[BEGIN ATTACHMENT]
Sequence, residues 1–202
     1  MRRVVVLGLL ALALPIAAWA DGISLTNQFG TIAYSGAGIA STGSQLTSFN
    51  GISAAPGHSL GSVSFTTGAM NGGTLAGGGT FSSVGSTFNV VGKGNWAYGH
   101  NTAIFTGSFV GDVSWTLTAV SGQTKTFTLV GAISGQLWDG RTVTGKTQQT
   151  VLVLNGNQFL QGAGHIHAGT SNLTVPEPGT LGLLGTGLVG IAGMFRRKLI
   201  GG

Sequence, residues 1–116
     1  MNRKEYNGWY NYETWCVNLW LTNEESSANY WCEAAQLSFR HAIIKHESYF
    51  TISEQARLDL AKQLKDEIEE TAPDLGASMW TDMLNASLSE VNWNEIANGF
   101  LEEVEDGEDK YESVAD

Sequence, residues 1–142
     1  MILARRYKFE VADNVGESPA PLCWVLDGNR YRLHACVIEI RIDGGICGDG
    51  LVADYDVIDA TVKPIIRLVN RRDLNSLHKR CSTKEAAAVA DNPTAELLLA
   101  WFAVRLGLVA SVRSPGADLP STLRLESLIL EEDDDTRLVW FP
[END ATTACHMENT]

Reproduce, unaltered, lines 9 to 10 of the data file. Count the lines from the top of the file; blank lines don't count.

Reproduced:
    51  TISEQARLDL AKQLKDEIEE TAPDLGASMW TDMLNASLSE VNWNEIANGF
   101  LEEVEDGEDK YESVAD